Coinbase Acquires Xapo’s Institutional Business for $55 Million

The custodial wing of the exchange now holds $7 billion worth crypto assets.

Coinbase Custody, the custodial wing of the US-based crypto exchange by the same name, on Friday announced that it acquired the institutional business of Xapo.

Although the exchange did not post figures in the official announcement, the deal was sealed at $55 million, according to Fortune.

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Coinbase was competing with Fidelity to acquire the Swiss Bitcoin custodial company for months. The confirmation of the deal has given the exchange a massive push for its global expansion.

Offering end-to-end crypto service to institutions

With this, Coinbase now has $7 billion in digital assets under custody.

Xapo is one of the oldest Bitcoin custodial services on the globe. Last year, the company gained BitLicense from the New York Department of Financial Services (NYDFS), to operate a crypto exchange in the state.

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Fortune also detailed that the majority of Xapo’s clients agreed to transfer their assets to the Coinbase Custody, which will put more than 514,000 Bitcoins in the exchange’s vault. There are still some major clients who hold combined assets worth $3.5 billion. If they also move their digital assets to the custodial of the San Francisco-headquartered exchange, it will hold over 860,000 Bitcoins.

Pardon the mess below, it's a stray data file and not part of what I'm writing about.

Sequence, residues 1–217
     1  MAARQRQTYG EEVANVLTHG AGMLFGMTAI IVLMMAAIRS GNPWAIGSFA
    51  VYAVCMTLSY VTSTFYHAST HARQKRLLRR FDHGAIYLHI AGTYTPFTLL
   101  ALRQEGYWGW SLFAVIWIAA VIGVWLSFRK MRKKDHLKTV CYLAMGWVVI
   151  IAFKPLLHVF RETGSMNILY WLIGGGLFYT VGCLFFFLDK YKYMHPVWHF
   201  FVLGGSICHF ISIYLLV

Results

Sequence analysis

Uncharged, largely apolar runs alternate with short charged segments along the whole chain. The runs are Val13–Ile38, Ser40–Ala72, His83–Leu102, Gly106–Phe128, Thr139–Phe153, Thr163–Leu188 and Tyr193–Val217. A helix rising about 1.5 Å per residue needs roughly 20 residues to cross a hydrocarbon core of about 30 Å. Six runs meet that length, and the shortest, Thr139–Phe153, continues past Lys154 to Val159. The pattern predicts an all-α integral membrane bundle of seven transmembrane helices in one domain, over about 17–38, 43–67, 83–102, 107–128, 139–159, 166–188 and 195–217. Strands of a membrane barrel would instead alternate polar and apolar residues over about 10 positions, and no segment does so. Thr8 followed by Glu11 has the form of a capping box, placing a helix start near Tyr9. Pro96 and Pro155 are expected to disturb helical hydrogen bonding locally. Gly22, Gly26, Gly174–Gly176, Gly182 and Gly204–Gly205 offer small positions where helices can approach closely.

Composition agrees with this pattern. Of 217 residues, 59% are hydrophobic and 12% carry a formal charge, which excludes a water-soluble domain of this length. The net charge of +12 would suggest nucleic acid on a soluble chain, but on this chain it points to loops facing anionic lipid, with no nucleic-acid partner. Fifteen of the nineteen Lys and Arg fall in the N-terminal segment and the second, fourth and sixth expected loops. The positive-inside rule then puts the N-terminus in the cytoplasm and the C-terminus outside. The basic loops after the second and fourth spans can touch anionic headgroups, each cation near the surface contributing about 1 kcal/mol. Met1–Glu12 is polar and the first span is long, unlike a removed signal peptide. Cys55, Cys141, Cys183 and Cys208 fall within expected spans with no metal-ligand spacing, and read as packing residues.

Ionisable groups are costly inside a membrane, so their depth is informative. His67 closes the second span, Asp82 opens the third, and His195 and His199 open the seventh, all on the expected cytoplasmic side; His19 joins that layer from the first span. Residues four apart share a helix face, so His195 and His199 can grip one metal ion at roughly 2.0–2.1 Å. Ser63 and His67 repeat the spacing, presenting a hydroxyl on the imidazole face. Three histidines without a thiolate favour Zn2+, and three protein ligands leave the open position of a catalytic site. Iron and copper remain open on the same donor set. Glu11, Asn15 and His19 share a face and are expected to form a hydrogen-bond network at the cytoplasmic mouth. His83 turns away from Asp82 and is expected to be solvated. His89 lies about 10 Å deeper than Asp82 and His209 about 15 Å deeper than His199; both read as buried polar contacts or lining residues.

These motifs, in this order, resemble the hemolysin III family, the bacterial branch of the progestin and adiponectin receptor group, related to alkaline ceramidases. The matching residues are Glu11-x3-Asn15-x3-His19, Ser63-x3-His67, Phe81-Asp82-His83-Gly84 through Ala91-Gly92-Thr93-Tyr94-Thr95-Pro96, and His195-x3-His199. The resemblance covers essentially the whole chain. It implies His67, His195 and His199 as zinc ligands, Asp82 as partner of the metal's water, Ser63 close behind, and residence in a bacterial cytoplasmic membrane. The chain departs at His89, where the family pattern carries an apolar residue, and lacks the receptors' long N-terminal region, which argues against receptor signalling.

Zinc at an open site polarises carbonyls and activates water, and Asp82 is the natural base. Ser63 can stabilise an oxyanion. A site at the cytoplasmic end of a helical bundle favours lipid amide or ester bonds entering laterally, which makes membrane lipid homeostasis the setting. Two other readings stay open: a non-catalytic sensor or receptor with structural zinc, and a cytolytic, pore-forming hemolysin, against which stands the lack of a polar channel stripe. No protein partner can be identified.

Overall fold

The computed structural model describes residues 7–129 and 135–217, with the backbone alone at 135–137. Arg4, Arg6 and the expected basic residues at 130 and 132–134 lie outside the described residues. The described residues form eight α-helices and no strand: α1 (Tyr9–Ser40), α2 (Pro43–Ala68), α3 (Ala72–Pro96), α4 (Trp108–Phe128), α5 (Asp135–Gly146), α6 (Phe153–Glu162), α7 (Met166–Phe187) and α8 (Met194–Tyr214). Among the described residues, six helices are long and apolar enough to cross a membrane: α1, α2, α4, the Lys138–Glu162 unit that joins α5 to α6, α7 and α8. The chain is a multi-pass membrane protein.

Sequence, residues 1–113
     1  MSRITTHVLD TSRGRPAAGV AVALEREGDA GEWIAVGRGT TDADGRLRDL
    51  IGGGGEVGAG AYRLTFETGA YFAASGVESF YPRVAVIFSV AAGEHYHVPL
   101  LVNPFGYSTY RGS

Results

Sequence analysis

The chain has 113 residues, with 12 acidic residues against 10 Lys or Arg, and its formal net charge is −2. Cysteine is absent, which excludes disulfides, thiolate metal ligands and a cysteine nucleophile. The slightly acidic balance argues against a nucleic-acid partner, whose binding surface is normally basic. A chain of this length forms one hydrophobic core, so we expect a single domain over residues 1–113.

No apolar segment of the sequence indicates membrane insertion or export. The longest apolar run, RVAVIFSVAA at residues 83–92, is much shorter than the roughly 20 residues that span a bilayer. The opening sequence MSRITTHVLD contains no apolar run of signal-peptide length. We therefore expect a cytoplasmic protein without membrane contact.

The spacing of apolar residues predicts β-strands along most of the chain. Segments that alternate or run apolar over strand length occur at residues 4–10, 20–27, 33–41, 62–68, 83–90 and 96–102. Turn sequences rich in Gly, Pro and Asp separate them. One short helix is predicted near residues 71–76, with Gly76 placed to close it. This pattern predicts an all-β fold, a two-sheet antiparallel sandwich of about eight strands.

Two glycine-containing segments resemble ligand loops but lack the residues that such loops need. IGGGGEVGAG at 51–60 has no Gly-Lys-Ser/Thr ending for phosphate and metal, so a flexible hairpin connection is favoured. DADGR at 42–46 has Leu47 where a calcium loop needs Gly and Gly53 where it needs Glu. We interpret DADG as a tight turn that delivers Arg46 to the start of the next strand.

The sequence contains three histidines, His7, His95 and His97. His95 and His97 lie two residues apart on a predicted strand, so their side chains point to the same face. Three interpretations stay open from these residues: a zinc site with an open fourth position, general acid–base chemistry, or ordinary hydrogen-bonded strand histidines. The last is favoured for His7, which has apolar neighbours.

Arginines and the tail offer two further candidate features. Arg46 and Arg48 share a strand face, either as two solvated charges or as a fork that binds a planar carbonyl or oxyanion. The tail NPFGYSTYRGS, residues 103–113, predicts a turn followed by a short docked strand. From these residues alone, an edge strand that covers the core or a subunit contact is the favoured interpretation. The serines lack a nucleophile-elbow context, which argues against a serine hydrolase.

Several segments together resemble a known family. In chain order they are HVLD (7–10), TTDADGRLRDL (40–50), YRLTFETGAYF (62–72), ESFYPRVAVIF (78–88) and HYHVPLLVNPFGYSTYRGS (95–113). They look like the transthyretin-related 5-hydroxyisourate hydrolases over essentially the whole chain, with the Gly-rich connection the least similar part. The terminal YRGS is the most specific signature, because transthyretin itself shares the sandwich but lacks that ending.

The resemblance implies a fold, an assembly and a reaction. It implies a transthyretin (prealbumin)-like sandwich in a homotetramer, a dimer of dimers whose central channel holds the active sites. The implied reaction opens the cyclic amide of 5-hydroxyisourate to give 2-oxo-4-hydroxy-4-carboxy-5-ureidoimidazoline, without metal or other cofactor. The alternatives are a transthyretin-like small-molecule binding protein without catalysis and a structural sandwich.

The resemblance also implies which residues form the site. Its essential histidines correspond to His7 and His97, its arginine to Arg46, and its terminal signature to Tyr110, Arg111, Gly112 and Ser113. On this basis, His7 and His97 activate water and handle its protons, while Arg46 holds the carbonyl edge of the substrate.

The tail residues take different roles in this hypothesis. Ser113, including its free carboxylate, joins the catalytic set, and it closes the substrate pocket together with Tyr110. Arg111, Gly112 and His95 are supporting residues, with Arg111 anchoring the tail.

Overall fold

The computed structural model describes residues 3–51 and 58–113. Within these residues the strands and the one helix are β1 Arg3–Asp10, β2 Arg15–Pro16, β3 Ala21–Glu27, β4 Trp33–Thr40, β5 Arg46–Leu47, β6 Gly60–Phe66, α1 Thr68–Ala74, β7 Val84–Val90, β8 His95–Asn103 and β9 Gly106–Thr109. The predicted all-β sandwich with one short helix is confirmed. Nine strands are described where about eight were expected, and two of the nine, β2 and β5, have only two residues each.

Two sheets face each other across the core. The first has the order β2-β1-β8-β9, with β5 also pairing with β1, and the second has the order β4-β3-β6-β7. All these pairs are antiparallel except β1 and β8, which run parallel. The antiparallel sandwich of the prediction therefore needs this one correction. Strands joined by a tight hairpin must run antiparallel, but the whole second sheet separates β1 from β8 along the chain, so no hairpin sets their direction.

Coinbase also revealed that it has more than 120 clients for its custodial business who are spread across 14 countries.

Despite the $55 million acquisition deal, Xapo will retain a few of its businesses including its retail exchange and its Switzerland-based Bitcoin vault.

“Custody is a critical step toward the institutionalization of crypto economy. It’s likely to start off small—maybe a few billion under custody—but it will grow quickly to a point that it’s a meaningful piece of stable, recurring revenue for the company,” Brian Armstrong, chief executive of Coinbase, told Fortune.

Meanwhile, in the United Kingdom, Coinbase is facing serious issues with its banking partners. Two major banks – Barclays and Santander UK – cut ties with the exchange, which in the process lost its access to Faster Payments Scheme (FPS) for fiat settlements.

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